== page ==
You are a professional if you are a member of a vocation or occupation that has specialised knowledge, skills, education or experience. For example, an engineer or planner with a degree and three to five years experience can be considered a professional.
You are a professional if you are:
- highly educated in a specific field, usually a degree, but can be also be based on experience in the field
- an expert with specialised knowledge
- are engaged in intellectually challenging and creative work (more mental than physical)
- produce high-quality work
- highly competent in a particular activity or process, such as problem-solving
- interested in doing a job well
- have a duty of care to your client, employer or the community
- moving towards being a master in a specific field.
Another means of defining a professional is if you get paid for your specialised knowledge to do a specific job or role – either as en employee or as a consultant.
There is also an element of craftsmanship in being a professional – you develop your knowledge of principles, patterns and practices and heuristics (experienced-based techniques for problem-solving) and assimilate knowledge by practice over an extended period of time.
Your bio (or professional branding statement) communicates the essence of who you.
Your brand reflects your professional reputation, ie what you are known for (or who you would like to be known as). A good reputation provides you with a distinction of positive characteristics and achievements, sets you apart from others in the competitive field of employment and work.
Writing your professional bio is challenging as you need to stand out from all the other traditionally written bios out there. One approach is to break it down into a series of key components.
- your speciality – who you are. Here you need to provide the broad category, but also specialities and expertise that you have developed or have experience in. For example, you may be a civil engineer but specialise in transport, more specifically in traffic management or specifically in traffic incident management. This is a process of being more and more specific as to the speciality, and you may have a number of these specialities. However, it is preferable to focus on like clusters of specialities that relate to the purpose of what you are writing for and the audience.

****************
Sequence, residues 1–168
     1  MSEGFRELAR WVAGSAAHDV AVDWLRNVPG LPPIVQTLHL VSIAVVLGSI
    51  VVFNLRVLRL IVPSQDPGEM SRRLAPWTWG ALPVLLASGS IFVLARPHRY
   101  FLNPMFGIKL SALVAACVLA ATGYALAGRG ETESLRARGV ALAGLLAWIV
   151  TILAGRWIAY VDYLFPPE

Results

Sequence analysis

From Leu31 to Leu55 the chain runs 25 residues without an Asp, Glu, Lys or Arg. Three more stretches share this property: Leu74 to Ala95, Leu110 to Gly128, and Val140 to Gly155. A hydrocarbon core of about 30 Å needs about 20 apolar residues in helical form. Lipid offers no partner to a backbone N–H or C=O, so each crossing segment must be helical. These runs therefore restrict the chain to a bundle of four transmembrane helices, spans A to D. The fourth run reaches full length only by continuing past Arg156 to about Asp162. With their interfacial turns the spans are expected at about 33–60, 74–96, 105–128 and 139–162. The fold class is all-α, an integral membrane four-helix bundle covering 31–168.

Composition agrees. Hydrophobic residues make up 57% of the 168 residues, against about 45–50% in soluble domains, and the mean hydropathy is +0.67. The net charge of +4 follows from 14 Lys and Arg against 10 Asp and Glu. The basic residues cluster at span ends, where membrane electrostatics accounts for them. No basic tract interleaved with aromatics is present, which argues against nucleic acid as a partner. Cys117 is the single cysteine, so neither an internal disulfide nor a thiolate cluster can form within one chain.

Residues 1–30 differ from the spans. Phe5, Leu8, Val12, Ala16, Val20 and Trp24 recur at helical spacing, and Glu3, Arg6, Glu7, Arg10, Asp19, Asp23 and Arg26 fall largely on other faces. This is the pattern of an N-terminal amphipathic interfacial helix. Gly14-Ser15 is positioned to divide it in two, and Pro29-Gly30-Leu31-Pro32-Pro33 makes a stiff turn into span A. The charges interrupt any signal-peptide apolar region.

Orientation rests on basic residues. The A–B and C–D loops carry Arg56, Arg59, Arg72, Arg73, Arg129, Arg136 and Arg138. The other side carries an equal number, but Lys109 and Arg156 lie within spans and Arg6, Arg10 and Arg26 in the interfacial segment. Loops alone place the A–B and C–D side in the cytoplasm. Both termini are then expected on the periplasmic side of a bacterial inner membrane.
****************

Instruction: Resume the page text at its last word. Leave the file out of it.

- your services – what you do. Here you can outline your specific skills and processes that you have competence in.
- your audience – who you work for and want to work for
- your best characteristics – what you are known for or want to to be known for. Something unique and special helps to distinguish you.
You can use your bio in many ways. You may wish to target each bio to suit each specific audience. Here are some examples of how you can use your bio:
- incorporate elements in a cover letter for a job application or consulting proposal
- include in personal profiles in online job search messages
- include in online profiles, for example on LinkedIn profile
- include in your resume as a summary bio upfront
- include in your ‘elevator’ speech, ie a prepared really quick pitch (usually 30 seconds) to people who may be important in your future career when you meet them at a function (or in an elevator!)
- provide to those introducing you when you make a presentation (don’t be shy)
- in job interviews (“tell me about yourself”)
- in presentations or pitches for consulting projects
- as your bio for published articles (including professional journal articles) or even guest blog posts
- use in networking functions when you meet new people.
The process of writing out your bio helps you focus and think through “Who am I?” and “Why am I in this professional field”. It may take many iterations to get something you like, so having gone through the process you are ready when a situation arises, such as a request to provide your bio.
You may wish to develop some variations, depending on the audience or the specific skills you want to emphasise. Most people have at least two or three specialities that are distinctly different.
Review your professional bio and incorporate as many of the suggested elements as possible.